• Key Features: Constructed with a robust steel frame; features high-contrast color coding and clear tool outlines; comes with hardware for wall mounting
  • Best For: Best suited for environments that demand heavy-duty tool storage solutions, such as automotive workshops, manufacturing facilities, and maintenance areas.

ComplianceSigns Customizable Tool Shadow Board

  • Key Features: Offers fully customizable layouts to perfectly fit specific tool sets, features high-contrast colors and clear, precise tool shadows for quick identification and organization; available in various sizes.
  • Best For: Ideal for environments that require strict organization and quick tool access, such as medical facilities, electronics manufacturing, and aviation maintenance shops.

Grainger Industrial Shadow Board

  • Key Features: Constructed with industrial-grade materials; can be tailored to fit specific tools and workplace needs; offers options for wall mounting or mobile setups with casters.
  • Best For: Suitable for heavy industrial settings like factories, garages, and construction sites where tool durability and easy access are critical.

If these products don't quite meet your specific needs or if you're up for a DIY project, you can certainly create your own shadow board. Here’s a guide to help you do just that:

Step 1: Identify the tools you need

A shadow board should not have more than what is required in a specific workstation nor have less than what is needed. Gather all your tools and hardware first so you can decide which will go on the shadow board. Choose only the essential ones and make sure to position your tools as close as possible to the workstation.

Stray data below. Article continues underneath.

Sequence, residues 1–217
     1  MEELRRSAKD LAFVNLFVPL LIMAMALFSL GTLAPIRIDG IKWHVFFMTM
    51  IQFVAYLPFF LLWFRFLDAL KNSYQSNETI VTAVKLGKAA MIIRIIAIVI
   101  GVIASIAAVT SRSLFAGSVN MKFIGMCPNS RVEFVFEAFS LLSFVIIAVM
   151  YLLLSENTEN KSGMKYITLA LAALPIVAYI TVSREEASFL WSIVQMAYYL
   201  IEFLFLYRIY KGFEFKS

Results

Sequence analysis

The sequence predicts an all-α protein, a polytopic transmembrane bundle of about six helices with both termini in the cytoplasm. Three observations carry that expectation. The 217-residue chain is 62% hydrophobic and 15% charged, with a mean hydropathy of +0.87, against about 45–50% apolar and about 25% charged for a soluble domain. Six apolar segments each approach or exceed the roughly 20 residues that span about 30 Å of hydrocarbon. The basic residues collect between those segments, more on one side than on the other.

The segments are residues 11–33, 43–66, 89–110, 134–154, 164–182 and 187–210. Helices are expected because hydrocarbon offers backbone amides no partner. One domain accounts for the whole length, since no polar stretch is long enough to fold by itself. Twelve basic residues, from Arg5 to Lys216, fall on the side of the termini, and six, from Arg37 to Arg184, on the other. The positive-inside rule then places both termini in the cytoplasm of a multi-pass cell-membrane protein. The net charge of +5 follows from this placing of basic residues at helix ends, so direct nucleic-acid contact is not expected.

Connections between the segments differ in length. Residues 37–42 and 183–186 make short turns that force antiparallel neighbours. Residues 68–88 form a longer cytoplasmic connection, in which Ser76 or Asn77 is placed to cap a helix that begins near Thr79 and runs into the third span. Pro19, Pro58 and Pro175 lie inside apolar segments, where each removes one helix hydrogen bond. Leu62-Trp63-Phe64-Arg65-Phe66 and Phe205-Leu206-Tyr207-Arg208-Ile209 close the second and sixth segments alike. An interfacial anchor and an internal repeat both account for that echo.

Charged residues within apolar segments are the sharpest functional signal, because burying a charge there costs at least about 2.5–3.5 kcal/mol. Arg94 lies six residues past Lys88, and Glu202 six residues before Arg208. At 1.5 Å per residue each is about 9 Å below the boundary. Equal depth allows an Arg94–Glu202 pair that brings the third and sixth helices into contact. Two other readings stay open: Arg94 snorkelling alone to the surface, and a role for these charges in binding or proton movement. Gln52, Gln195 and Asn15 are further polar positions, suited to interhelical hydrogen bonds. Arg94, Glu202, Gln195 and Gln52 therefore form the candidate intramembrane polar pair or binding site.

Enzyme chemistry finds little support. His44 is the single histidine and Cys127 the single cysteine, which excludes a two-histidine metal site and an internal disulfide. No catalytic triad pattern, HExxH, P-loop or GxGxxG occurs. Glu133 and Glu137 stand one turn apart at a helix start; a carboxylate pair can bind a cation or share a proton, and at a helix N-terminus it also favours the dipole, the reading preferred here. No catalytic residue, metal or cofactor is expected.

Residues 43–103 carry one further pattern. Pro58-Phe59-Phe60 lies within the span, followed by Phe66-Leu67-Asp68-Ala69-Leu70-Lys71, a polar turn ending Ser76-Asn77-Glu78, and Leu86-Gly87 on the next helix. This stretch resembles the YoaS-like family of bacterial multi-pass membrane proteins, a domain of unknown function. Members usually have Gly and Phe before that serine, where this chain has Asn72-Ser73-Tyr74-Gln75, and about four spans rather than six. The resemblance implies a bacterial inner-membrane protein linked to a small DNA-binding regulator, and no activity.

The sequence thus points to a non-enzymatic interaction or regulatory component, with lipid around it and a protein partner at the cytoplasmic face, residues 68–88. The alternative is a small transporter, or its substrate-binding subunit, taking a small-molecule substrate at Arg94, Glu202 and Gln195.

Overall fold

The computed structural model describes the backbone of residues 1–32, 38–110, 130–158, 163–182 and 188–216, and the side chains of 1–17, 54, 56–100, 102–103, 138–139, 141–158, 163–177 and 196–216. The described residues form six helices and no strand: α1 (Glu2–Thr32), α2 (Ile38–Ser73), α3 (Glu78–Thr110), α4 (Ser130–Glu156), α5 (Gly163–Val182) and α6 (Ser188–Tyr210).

Step 2: Choose your shadowboard materials

When designing a shadow board, selecting the right materials is crucial for ensuring durability and effectiveness. There are various options you can consider for the base of the board, as well as the key elements of the shadow board for tools - labeling and color-coding:

Board Material

The material you choose for your shadow board should withstand the daily wear and tear of your work environment. Here are some common options:

  • Metal: Ideal for heavy-duty industrial settings, metal boards are highly durable and can support heavier tools without bending or breaking. They are easy to clean and resist oil, grease, and chemical spills. Stainless steel and aluminum are popular choices due to their strength and rust resistance.
  • Wood: Wood boards offer a sturdy base and can be a more cost-effective option. They are suitable for environments where aesthetic appeal is also a consideration. However, wood requires more maintenance as it can absorb oils and is susceptible to warping in humid conditions.